Rachel Fried, Program Assistant, Lands and Communications, Washington, D.C.
You know it’s summer in Washington D.C. when you walk outside at 8:00am and begin to sweat. The heat hit me like a ton of bricks one Friday in early July as I biked home from work. I thought I was going to choke. The thermometer registered a stifling 104 degrees but with the heat index, it registered as 110. The oppressive heat felt toxic in my asthma-prone lungs and my vision played tricks on me as I rode into a hazy mirage of foul car exhaust. But it was something more than the sticky humidity that I sensed that day. It was a gut-wrenching realization that these conditions were becoming the new norm.
It’s hard to deny that our world is getting hotter and hotter and it’s quite clear to me that we’re feeling the effects of climate change. Historic droughts in the Southern United States and Mexico, devastating floods in Brazil and Thailand, record destruction by tornados in the Midwest, cold snaps in North Korea, powerful tropical cyclones in Australia… the list goes on and on. All of these extreme weather events occurred in 2011. Last year.
It’s easy to get lost in news reports of the many climate-related disasters, but it doesn’t really hit home until you’re stuck in the middle of one. In 2011, severe weather events struck communities all over the US, breaking 3,251 monthly weather records. Get ready; more and more of us will experience such events in the years ahead.
I’ve felt it. I practically suffocate on my steamy bike rides home from work. A few weeks ago, I huddled in my dark bedroom after losing power from the deadly freak storms in D.C. Yesterday, I sat outside for a quick lunch break and this happened to my phone:
If only everyone would protest like this when it gets too hot outside. We have to connect the dots to what we’re witnessing with our own eyes – floods, fires, melting ice, and feverish heat. It’s not just a portent of things to come, but also signals the very troubling climate change already under way.
But so many people (including me at times) feel that the problem is too big, the political system too broken, the polluters too powerful… that there is nothing one can do to change the situation. We accept the science behind climate change, but it’s too scary to think about, so we pretend the problem doesn’t exist.
This sort of denial is exactly what Gen Xers (those born between 1961 and 1981) are experiencing; according to a University of Michigan study released this week. We’re not talking about the Millennials (Generation “Hot”), but it’s the Gen Xers who feel overwhelmingly “disengaged” towards climate change. This age group is full of young parents who might be more focused on their kid’s soccer practices and homework than the weather. In a recent news piece, a journalist and mother of two young boys wrote that she “began to think it a bit crazy that I attended to every bump and scrape on my children’s little bodies and budding egos, but largely ignored the threat likely to put sizeable areas of the world, underwater within their lifetime.”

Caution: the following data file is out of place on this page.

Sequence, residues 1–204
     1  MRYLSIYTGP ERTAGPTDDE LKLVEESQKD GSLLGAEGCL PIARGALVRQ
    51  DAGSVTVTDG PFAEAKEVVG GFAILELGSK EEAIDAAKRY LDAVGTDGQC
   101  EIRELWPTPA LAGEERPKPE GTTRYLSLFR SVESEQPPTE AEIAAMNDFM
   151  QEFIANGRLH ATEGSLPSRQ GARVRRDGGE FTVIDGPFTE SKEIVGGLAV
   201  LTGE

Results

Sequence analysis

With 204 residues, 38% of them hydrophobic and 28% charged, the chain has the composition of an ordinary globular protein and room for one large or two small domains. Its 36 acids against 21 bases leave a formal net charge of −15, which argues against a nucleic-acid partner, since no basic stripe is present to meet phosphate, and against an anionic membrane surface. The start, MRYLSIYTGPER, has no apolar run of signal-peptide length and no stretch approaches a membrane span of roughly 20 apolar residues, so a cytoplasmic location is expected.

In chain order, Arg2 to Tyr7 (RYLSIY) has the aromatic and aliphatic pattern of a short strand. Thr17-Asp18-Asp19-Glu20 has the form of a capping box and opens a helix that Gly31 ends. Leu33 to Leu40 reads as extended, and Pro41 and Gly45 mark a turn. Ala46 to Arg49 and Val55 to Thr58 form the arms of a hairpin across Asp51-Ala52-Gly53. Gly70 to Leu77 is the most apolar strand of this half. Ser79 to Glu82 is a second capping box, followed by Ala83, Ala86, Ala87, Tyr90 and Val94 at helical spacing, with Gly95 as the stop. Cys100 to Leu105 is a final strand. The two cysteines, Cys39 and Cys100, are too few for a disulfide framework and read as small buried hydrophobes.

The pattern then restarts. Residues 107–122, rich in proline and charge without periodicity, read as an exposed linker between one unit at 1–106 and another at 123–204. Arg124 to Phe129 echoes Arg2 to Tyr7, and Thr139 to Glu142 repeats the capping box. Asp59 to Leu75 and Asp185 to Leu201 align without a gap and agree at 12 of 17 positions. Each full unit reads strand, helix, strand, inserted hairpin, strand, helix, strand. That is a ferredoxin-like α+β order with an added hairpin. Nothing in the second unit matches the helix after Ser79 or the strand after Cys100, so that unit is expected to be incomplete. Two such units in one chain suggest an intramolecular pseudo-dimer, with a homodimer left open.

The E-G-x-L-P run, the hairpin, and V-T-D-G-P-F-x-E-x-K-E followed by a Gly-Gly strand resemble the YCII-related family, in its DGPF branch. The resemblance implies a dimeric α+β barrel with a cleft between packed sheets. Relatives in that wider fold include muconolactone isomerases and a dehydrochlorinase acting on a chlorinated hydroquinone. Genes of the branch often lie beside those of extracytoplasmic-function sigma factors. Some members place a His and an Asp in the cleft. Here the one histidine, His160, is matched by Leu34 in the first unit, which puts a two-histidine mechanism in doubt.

Yes, we’re all “Busy!” “So busy.” “So crazy busy.”
It’s understandable. But, there’s a lot at stake. Instead of saying “meh” we can use this as an opportunity to teach our children. Kids like learning about why and how things work and this is like one big science project. I have many memories of cooking and baking with my parents – it was always fun to watch a gooey mixture of ingredients turn into fluffy banana muffins. Similarly, we can begin addressing climate change by bringing the discussion into the family room, kitchen, and backyard. The most concrete actions we can take to reduce our energy-consumption and combat climate change are in three main categories: transportation, home-energy use, and food consumption.
Here are eight easy things you can do TODAY.
- Take mass transit- learn the new bus routes in your city- take some time to ride the metro or subway – you’ll meet some really interesting people!
- If you’re thinking about buying a car, choose one that’s fuel–efficient or electric.
- Be smart with your water; turn the water off while brushing your teeth, and try taking shorter showers.
- Use cold water for laundry. About 90 percent of the energy used for washing clothes is for heating the water.
- Unplug video game consoles and cell phone chargers, when not in use.
- Look for the ENERGY STAR label when purchasing household appliances.
- Recycle more and buy recycled (bring your own bag to grocery stores).
- Eat less meat, play with new recipes and learn why organic food tastes better and is so much healthier!
Most importantly, learn and teach others. Check out EPA’s website for more suggestions on things you can do to protect the climate, reduce air pollution, and save money. http://epa.gov/climatechange/wycd/
I know it feels like small steps, but they really do add up. I don’t want to be in a situation where I need to slide the dial on my iphone for an emergency call. We don’t even have that option with the Earth; there is no simple emergency reset button. Help the earth cool down a bit so our children and our children’s children can live here, too.
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